Report Card Monday will be postponed this week because I’d rather write about the impromptu mini-vacation Mr. Karen and I had this past weekend. The main purpose of the trip was to continue our pretty much annual tradition of the past 30 years or so of seeing Kansas in concert. (I’m not sure if I’ve ever mentioned it here, but in a strange way, I owe my job at Purple Systems to the band, as it was one of their songs that led to Mr. Karen meeting the guy who would one day be the founder of the company, which led to them becoming friends and roommates in college, which meant when the company was looking to expand, Mr. Karen got a call and since I happened to be looking for a job at the time, I got an interview and then a job.) I was unenthusiastic about the prospect of driving three hours after work on Friday to get to the venue in Elkhart (Indiana); I’d been battling a cold all week, and I’ve seen Kansas and seen them and they haven’t come out with a new album in a while, but that morning I was feeling better so went ahead and bought tickets (thank goodness they hadn’t sold out) and reserved a hotel room and we went. We managed to leave our house pretty much on time and encountered no delays on the drive, so we were able to grab a quick bite to eat after getting off the tollway before making our way downtown to the Lerner Theater. Parking was easy—plenty of spaces in the free lot across the street from the venue. The theater was very fancy for a rock show; it was evidently recently restored and reminded us of the Detroit Opera House, just smaller. (Unlike the Detroit Opera House, no one told me I couldn’t take photos inside, which was nice.)
Our seats were up in the mezzanine; I don’t think we’ve ever seen Kansas from a mezzanine before. For as late as we bought our tickets, we had a great view, and the cushy theater seats were a nice change from the hard plastic or damp grass we’ve often had to put our butts down on when seeing the band perform. Steve Walsh from Kansas actually came out to introduce the opening band, District 97; I don’t recall ever seeing him do that before. We ended up liking District 97’s music enough that during the intermission after their set, Mr. Karen went and bought their album from the merch table (and met the leader singer in the process; we’d actually seen other members of the band behind the table before the concert but didn’t know who they were at that point—just saw folks young enough to be our kids if we’d had any). When it was time for Kansas, they rocked it.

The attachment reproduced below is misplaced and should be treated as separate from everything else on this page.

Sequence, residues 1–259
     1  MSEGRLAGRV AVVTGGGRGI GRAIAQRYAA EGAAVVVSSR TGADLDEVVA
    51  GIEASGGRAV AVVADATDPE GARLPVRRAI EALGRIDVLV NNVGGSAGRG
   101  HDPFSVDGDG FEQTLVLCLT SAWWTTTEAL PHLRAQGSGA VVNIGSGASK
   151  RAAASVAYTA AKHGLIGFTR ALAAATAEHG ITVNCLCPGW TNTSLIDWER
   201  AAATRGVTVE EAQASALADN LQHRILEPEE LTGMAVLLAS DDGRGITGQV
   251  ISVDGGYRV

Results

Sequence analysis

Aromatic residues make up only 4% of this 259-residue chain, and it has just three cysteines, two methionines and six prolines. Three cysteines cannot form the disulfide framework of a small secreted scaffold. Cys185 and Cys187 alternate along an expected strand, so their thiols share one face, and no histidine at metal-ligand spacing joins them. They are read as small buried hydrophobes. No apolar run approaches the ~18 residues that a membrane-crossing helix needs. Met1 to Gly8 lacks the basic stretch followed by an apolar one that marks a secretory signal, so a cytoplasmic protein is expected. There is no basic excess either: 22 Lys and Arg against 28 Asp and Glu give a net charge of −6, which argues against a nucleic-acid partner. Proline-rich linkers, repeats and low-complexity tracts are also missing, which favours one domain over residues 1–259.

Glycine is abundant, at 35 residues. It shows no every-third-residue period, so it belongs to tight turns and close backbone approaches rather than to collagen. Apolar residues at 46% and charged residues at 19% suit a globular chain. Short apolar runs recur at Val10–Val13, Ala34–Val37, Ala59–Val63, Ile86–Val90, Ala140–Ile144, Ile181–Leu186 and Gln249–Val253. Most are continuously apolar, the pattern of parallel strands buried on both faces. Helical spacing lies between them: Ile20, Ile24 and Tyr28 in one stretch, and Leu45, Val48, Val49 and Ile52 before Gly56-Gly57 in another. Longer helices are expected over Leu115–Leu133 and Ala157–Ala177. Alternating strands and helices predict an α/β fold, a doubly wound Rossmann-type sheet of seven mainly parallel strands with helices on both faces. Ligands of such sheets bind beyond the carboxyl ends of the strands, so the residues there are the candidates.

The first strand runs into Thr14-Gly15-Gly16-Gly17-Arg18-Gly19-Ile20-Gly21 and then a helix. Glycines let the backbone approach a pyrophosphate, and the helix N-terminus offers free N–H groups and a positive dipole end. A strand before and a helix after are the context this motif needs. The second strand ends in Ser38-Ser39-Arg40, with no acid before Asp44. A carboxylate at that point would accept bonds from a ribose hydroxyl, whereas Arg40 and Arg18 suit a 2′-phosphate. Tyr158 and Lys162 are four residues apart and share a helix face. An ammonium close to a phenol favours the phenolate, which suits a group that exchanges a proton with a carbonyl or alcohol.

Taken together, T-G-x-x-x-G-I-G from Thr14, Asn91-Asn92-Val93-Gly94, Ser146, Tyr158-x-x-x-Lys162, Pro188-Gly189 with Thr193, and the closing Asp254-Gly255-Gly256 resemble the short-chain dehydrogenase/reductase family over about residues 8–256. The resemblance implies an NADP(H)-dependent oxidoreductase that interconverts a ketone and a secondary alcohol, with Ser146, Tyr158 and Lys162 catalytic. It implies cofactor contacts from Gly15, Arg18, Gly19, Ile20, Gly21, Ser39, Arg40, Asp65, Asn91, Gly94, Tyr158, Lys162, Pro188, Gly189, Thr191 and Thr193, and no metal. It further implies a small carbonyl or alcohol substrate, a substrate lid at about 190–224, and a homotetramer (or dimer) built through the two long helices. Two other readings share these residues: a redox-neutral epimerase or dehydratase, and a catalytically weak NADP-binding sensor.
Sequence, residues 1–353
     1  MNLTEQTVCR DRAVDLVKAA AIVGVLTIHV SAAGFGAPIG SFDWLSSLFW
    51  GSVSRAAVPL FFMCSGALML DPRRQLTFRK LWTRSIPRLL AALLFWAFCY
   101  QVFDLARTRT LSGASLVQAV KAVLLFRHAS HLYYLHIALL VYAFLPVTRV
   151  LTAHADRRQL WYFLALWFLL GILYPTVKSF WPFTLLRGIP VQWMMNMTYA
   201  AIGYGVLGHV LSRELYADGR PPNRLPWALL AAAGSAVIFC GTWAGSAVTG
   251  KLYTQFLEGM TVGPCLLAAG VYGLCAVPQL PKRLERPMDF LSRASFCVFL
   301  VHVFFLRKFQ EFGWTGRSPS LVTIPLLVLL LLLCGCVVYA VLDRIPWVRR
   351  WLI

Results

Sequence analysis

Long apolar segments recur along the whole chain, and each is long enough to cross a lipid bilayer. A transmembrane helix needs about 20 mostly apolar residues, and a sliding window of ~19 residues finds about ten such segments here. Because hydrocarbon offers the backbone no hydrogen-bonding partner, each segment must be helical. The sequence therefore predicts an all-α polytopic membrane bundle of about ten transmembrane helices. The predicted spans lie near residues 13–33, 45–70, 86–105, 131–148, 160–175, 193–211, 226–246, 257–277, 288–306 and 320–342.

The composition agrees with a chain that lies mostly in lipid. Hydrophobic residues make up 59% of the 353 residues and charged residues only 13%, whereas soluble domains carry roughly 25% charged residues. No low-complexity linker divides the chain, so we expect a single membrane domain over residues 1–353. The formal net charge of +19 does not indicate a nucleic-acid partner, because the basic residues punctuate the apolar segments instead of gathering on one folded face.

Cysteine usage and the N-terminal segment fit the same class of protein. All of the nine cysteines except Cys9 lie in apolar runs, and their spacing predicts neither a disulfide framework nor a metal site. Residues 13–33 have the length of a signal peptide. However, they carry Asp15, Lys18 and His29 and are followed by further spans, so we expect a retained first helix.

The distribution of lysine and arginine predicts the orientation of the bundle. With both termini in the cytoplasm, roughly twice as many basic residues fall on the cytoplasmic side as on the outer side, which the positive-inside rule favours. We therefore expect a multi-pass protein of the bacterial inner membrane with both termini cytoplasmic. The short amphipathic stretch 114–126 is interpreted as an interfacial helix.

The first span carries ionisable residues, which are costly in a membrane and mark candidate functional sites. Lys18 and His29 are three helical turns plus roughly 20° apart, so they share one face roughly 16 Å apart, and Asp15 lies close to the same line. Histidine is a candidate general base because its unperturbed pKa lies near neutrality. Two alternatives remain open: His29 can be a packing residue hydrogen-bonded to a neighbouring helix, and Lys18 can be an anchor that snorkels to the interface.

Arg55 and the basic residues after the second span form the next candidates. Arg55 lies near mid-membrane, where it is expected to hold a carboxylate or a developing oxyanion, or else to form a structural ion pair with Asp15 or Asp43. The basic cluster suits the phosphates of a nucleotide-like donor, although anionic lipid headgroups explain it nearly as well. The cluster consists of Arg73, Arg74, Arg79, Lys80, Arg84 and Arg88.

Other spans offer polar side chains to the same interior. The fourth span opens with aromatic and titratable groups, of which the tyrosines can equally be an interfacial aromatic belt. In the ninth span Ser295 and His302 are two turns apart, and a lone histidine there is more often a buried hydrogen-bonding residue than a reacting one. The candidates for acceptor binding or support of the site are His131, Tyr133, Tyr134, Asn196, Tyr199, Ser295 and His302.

When we’d checked into the motel Friday after the show, Mr. Karen had picked up some travel brochures in the lobby, and rather than just drive straight home Saturday morning, we followed the advice in one of them to stop at the visitor center (conveniently located near our hotel) and pick up a CD tour of the Heritage Trail. There was a quilt mural on the outside of the building and many actual quilts inside, so I was quite happy we made this stop. In addition to the driving tour CD and some more brochures, we got an excellent recommendation for where to eat a late breakfast. (Callahan’s, if you’re ever in Elkhart. I recommend the Greek skillet with tomatoes added and a side of pancakes.) It was raining when we got done eating, and would rain on and off the rest of the day, but we still enjoyed our explorations on and off the trail, none of which we’d planned in advance. We took a soggy stroll around a botanical gardens, visited a historical grist mill and climbed a lookout tower, bought pie and local cheese, tried not to gawk at the Amish buggies, toured a car museum with the most attentive volunteer docent ever, snapped another Big Boy for my collection, and finished the day with dinner at an authentic old fashioned home cooking diner along US 12 back in Michigan. Someday I’d like to go back and do the two-thirds of the Heritage Trail that we skipped this time.
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